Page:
Travel Insurance: Is It Worth It?

With C.F.A.R., a traveler is able to back out any time until a few days before departure and get some money back, usually 50 to 75 percent. It’s more expensive than regular travel insurance and must be purchased within a short window after making the initial trip deposit, usually less than 21 days. Additionally, the policy only covers cancellations up to two or three days before the trip.

Using Travel Guard’s website, I priced insurance on a $10,000 trip to France. Its basic policy costs about $500 to insure. But to get C.F.A.R., I would have to take the “preferred” policy at about $554. Adding the C.F.A.R. option offering 50 percent back, cost $128, for a total of $682. If I canceled because of the pandemic, or for any other reason, I would only get $5,000 back, half of the insured amount. Less the premium, that’s $4,318 net.

Cancel for any reason, Mr. Birnbaum said, “is treated as insurance, but it’s not really. Insurance is protection against some fortuitous event.” This policy, he said, covers a decision that’s in your control — such as changing your mind about taking a trip — not a risk that’s out of your control, like a car accident.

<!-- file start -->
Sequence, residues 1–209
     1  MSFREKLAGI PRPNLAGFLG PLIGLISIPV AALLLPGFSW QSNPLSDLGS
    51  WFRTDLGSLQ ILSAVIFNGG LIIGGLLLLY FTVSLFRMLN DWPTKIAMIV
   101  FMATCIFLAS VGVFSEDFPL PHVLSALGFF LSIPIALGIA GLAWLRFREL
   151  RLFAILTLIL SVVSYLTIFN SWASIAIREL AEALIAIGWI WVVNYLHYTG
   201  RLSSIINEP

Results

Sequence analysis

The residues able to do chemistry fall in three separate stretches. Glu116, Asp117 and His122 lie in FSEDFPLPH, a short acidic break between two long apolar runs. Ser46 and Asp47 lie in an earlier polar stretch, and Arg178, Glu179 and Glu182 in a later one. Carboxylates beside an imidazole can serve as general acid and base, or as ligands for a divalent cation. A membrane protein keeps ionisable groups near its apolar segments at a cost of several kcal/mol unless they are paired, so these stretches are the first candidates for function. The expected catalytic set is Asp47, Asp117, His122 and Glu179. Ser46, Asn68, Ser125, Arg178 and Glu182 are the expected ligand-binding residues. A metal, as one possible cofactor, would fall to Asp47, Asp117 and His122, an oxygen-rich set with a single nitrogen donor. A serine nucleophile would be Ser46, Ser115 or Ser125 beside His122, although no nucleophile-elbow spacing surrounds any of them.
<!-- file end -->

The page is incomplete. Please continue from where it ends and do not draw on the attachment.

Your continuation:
Mollie Fitzgerald, a travel adviser in Gibsonia, Pa., rarely recommends C.F.A.R. because it’s expensive — it can be 35 to 50 percent more than regular travel insurance, she said — and becomes more expensive the older you are, while only covering a maximum of 75 percent of the trip.

“Occasionally, a trial lawyer or someone like that whose calendar is fluid will request C.F.A.R., but it’s less than 1 percent of our insurance sales,” she wrote in an email.

But for many travelers, something is better than nothing. Edward Chan of Rancho Palos Verdes, Calif., spent $552 on an insurance policy with C.F.A.R. through Travel Insured International that offered 75 percent back on a $13,000 family cruise. During the pandemic, he canceled before the final payment was due and got his money back, except for a $1,000 nonrefundable fee.

Making an insurance claim through Travel Insured International, he got $750 of that fee back.

“So it was worth it for me to make the claim,” he wrote via Twitter, noting it took two hours on the phone with an agent two months after making the claim to get the refund approved.

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